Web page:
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39 popular leisure images contribute to the reproduction of ideologies of masculinity and femininity via the accompanying representations of appropriate roles and activities. They further assert that sexual images of women are used to sell leisure products and to convey messages that reinforce traditional roles of women and men. Leisure images, by their estimates, feature women as servicing agents of leisure, either providing leisure products, experiences, or services, or within the role of wife and mother to their leisure companions. Leisure images to these researchers reflect social divisions which are ultimately rooted in the fundamental structures of capitalism, and particular sets of leisure activities help to realize those social divisions by giving them expression and legitimization. Gendered representations of tourism destinations and landscapes too are discussed by scholars who state the importance of understanding tourisms ability to represent individuals and places based on the politics and power struggles of society established on gender divisions. Selwyn (1992) stated that in the same way that gendered marketing extols particular male myths and fantasies of a seductive and sexualized tourism experience, the language of promotion also constructs a sensual link between tourists and the landscape of the tour. Rose (1993) agrees stating representations of landscapes are thus grounded in the gendered power relationships that characterize societies: Woman becomes Nature and Nature Woman and that both can thus be burdened with mens meaning and invite interpretation by masculinist discourse (Pritchard & Morgan, 2000). Sharp (1996) stated that not only are local women sexualized, but so too are destinations and landscapes since tourism depends upon sensual mythologies of exotic places. Schaffer (1995) says that both women and landscape are represented as enigma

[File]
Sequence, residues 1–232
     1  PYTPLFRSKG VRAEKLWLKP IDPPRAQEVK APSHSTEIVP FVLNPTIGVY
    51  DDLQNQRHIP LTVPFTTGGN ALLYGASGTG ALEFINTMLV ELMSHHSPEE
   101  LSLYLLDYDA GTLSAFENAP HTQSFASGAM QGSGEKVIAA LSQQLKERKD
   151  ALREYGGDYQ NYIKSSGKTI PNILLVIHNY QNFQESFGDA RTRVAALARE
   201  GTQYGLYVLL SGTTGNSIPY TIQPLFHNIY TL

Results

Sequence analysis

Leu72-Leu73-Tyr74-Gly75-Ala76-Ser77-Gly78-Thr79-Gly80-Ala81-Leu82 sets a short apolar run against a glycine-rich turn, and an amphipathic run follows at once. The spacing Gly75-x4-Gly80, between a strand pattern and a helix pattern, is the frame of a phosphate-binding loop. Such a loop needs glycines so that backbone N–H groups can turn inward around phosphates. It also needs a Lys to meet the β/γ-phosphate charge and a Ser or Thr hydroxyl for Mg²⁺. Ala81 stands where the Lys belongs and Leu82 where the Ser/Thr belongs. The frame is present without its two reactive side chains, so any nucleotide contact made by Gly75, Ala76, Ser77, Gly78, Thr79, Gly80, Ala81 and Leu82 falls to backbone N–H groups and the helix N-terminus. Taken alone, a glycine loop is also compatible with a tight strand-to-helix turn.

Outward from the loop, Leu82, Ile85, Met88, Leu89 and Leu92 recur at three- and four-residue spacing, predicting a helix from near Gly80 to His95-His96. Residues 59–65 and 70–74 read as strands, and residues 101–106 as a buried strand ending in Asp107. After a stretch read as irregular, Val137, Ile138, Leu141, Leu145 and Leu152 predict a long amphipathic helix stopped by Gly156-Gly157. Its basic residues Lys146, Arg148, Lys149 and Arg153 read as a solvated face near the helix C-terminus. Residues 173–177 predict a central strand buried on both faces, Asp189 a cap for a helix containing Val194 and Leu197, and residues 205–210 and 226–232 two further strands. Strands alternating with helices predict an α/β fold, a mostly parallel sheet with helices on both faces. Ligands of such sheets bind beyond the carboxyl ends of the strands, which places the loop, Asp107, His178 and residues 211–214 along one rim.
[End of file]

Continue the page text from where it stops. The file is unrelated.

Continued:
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40 and mysterywhich is, of course, a founding myth of Partriarchy. Dubinsky (1994) found that Niagara Falls has always been depicted and represented as a female tourist site and icon. Descriptions of the Falls have painted them as not only a natural phenomenon, but also as a woman, mistress, lover and enchantress, who allures, captivates and enslaves man. Cohen (1995) also found that Caribbean destinations were also depicted through tourism representation as a female, sexualized object of travel and a feminized tourism site. The British Virgin Islands were found in promotional material, by Cohen, to be described as female and exoticized lands that offer the allure of virginity, awaiting masculine, active exploration. Cohen furthermore found that as the British Virgin Islands were depicted and represented as a female land mass awaiting male exploration, sexual desire and the allure of sexual possession and virginity were also used to attract tourists and market place. Pritchard (1993) stated that despite advances made by women in society and the substantial body of work that has provided a powerful critique of gendered media representations, tourism imagery continues to appeal to the male norm. Tourism promotional material has been analyzed by a number of scholars with the aim of determining these social meanings, contexts, and accepted behaviors portrayed within this form of social media (Enloe, 1989; Marshment, 1997; Opperman & McKinley, 1997; Pritchard & Morgan, 1996; Pritchard & Morgan, 2000; Pritchard, 2001; Sirakaya & Sonmez, 2000; Uzzell, 1984). Uzzell examined holiday brochures produced by six holiday companies in 1983 to determine the means of promotion used and to identify myths and fantasies used to promote tourism. In doing so however he was able to investigate the manner in which individuals were depicted in relation to the travel product. He found, through a semiotic